(ChemotherapyAdvisor) – Overall quality of life (QOL) is compromised in younger breast cancer survivors; specifically, women age <51 years experience distinct psychosocial and menopause-related concerns, weight gain, and physical inactivity, a study published online January 23, 2012, in the Journal of the National Cancer Institute has found. Breast cancer is the leading cause of death in women younger than 50 years of age.
Patricia A. Ganz, MD, of UCLA’s Jonsson Comprehensive Cancer Center, Los Angeles, California, and colleagues conducted a literature search of articles published between January 1990 and July 2010 and selected 28 with data relevant to three key domains of functioning for younger women with breast cancer: health-related QOL, menopausal symptoms and fertility concerns, and behavioral health outcomes.
Overall QOL was found to be compromised in younger women with breast cancer, with mental vs. physical functioning domains most severely impacted. “Anxiety over the future and fear of cancer recurrence are prominent,” the investigators noted. Compared with the general population of women without cancer in the respective age groups, depressive symptoms appeared more common in younger women, particularly in those <35 years of age. Premature menopause, infertility, and menopause-related symptoms were more common and found to be contributing factors to the level of distress in women 50 years of age or younger after treatment. Common health outcomes in younger women included weight gain and physical inactivity.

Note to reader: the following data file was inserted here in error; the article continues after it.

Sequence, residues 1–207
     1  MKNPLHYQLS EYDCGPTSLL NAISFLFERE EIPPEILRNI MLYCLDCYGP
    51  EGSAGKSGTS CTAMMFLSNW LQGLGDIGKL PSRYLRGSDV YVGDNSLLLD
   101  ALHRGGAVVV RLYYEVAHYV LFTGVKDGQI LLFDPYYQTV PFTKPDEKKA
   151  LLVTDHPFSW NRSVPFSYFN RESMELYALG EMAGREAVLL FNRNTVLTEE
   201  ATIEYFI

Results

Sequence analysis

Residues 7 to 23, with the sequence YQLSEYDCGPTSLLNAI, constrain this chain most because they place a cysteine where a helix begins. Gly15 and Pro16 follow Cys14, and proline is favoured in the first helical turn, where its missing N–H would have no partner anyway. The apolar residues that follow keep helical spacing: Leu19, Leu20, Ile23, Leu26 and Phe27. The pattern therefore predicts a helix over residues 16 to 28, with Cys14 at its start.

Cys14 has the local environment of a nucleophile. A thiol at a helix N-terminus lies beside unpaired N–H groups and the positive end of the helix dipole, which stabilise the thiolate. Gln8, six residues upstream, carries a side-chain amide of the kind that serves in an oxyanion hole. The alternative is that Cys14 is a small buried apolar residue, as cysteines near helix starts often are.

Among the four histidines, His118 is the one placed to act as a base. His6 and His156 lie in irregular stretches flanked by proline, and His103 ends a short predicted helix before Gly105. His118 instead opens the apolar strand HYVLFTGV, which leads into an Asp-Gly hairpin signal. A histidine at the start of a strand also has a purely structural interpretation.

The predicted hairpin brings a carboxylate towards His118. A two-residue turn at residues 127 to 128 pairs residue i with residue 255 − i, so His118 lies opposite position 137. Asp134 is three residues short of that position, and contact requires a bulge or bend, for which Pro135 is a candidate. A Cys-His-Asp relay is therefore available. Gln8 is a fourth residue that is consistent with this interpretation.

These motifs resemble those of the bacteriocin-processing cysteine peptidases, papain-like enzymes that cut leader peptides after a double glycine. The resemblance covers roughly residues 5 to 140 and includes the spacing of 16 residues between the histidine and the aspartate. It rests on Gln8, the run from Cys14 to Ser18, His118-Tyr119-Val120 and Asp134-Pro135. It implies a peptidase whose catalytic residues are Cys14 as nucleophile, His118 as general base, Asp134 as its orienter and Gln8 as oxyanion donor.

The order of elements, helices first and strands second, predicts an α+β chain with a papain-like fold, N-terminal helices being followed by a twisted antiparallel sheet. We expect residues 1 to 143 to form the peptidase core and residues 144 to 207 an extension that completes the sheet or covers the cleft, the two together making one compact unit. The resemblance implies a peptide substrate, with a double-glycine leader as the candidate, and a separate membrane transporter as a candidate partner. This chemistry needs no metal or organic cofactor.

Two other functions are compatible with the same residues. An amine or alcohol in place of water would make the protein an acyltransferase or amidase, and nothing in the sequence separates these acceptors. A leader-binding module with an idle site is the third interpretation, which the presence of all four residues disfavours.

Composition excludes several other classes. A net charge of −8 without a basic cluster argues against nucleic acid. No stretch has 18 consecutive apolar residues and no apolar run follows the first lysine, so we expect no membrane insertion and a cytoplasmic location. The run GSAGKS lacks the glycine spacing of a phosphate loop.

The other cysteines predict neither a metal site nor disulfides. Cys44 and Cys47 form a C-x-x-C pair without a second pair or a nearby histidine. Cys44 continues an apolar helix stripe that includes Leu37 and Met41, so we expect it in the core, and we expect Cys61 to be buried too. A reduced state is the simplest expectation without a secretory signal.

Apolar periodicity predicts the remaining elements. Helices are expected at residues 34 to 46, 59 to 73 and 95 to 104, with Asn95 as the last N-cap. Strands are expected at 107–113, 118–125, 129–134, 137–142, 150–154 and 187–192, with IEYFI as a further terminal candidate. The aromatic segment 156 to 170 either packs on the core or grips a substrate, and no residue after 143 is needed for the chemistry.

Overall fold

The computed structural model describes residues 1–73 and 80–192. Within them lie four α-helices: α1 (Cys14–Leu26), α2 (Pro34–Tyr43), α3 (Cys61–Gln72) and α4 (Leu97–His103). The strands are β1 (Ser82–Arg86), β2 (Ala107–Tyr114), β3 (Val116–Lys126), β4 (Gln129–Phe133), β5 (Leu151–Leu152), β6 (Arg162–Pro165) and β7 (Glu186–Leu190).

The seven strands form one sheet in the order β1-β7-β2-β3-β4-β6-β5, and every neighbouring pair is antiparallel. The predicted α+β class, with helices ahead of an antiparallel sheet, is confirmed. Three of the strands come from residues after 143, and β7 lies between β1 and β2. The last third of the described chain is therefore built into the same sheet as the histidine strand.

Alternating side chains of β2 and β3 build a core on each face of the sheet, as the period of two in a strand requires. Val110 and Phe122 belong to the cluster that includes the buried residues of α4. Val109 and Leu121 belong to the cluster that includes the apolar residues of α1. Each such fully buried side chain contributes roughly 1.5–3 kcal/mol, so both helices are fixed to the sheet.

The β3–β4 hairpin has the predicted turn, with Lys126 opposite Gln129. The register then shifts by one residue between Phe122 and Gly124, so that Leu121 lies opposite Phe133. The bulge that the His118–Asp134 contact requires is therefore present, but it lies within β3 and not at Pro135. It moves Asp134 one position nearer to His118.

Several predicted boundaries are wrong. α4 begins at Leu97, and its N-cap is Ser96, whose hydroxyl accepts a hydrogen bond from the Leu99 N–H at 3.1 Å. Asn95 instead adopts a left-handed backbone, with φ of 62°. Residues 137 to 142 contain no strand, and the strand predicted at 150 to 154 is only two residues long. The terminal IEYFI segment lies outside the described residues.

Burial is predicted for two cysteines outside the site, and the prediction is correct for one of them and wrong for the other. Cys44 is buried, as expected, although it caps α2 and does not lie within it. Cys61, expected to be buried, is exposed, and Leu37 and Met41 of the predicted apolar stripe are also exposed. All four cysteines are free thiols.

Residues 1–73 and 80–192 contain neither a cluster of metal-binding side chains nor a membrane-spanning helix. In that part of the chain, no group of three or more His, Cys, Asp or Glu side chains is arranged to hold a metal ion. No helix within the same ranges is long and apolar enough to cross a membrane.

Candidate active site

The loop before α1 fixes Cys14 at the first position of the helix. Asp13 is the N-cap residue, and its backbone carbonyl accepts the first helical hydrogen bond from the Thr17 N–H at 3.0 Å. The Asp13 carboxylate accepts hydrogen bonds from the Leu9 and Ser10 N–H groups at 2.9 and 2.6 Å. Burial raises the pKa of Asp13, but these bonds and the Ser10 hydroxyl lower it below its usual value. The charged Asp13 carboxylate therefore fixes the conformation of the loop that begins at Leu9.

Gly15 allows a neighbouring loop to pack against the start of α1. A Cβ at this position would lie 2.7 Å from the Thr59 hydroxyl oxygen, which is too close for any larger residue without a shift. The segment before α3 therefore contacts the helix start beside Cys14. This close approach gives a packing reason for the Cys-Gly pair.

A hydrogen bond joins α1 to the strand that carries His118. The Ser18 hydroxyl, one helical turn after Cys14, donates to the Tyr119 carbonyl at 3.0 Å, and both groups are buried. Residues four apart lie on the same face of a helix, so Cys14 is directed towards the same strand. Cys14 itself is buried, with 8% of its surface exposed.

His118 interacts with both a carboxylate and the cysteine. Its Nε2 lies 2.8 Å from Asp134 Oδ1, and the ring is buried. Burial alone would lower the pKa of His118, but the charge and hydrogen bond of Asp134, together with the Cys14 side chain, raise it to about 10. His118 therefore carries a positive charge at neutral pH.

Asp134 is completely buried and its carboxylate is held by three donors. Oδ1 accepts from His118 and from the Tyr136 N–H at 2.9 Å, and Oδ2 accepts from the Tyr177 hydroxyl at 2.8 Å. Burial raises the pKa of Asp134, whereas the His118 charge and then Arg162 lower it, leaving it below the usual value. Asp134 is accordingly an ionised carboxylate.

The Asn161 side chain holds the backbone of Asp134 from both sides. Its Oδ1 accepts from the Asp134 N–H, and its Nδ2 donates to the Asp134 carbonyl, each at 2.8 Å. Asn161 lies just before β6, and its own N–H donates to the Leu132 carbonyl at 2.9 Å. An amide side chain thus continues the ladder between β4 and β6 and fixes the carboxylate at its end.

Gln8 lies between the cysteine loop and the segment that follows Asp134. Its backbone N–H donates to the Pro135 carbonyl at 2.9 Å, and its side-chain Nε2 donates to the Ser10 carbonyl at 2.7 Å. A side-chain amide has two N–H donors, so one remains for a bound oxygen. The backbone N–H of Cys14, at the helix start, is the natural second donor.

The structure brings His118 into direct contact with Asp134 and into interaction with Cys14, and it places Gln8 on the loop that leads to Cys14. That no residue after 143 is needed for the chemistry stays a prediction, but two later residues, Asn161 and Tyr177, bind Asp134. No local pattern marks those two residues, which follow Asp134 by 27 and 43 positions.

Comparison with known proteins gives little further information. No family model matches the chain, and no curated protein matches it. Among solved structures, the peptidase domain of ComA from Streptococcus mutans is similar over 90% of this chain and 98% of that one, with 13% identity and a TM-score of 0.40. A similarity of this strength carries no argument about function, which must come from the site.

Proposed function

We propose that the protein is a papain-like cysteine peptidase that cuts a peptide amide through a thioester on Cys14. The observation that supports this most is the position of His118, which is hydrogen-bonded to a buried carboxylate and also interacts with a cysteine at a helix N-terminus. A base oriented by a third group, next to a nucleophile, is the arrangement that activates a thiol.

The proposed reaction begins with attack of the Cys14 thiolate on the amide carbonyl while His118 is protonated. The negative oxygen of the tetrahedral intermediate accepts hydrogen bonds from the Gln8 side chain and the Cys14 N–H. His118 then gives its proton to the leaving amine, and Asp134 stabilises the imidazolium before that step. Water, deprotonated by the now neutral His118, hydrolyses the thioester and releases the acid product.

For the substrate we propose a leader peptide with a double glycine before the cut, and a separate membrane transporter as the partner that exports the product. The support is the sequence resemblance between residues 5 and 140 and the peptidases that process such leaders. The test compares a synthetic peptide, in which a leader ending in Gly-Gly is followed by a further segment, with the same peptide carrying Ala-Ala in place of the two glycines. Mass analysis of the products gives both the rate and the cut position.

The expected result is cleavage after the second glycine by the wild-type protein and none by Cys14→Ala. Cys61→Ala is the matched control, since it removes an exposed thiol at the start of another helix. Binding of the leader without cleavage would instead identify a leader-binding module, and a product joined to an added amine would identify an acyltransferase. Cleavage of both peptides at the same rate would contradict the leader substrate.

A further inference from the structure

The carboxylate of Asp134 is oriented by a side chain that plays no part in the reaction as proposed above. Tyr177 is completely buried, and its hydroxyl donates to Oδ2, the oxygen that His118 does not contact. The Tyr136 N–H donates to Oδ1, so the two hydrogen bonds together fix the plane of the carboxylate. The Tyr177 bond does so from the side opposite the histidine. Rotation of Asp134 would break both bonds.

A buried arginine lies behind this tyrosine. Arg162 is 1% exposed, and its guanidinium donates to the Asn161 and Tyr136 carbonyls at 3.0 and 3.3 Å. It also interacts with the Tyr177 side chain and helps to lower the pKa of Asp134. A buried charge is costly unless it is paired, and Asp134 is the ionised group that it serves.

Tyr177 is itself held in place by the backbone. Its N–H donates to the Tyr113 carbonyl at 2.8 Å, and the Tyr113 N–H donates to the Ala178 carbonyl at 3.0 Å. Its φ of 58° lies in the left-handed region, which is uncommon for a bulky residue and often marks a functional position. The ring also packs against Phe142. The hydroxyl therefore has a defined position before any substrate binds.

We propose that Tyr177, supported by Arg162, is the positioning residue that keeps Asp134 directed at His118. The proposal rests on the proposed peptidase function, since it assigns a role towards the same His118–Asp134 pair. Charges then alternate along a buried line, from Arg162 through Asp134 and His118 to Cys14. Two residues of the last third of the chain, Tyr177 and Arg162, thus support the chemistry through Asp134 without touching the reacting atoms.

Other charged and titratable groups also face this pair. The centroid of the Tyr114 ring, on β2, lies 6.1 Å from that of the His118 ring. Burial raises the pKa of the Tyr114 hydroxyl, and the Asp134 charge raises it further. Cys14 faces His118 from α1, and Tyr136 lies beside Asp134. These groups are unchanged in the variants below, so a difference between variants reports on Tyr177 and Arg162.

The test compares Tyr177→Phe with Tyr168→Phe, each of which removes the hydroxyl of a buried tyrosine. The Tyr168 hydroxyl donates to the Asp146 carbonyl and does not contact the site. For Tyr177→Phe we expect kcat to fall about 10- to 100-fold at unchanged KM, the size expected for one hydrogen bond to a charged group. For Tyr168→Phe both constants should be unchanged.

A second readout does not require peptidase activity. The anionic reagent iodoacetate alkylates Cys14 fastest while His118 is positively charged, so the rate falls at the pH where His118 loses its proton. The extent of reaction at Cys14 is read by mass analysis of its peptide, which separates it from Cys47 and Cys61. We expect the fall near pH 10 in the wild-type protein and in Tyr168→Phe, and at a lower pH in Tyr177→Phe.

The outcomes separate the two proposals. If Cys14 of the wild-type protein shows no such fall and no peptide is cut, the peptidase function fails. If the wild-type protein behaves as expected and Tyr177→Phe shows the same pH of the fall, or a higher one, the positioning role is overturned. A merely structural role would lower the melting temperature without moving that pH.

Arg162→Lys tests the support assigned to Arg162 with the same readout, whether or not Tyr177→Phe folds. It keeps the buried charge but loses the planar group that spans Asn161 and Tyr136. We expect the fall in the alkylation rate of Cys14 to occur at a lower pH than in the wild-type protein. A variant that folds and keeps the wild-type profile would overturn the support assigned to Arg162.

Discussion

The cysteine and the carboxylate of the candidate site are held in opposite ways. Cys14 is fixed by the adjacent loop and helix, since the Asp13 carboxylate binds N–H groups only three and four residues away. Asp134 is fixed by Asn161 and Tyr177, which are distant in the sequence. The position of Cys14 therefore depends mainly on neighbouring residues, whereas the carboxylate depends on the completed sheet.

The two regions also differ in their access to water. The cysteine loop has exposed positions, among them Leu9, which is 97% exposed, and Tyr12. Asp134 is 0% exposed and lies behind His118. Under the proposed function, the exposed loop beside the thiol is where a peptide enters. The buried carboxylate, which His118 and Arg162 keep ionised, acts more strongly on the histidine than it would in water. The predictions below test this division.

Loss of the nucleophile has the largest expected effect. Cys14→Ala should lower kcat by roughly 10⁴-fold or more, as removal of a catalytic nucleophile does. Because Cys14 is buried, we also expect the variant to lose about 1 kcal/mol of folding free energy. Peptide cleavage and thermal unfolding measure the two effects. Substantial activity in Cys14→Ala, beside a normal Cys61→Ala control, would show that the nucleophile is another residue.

“Given the long life expectancy of this group of breast cancer survivors, serious consideration should be given to the development and evaluation of interventions that target energy balance, fertility preservation, menopausal symptoms, and management of depression and anxiety,” the investigators wrote.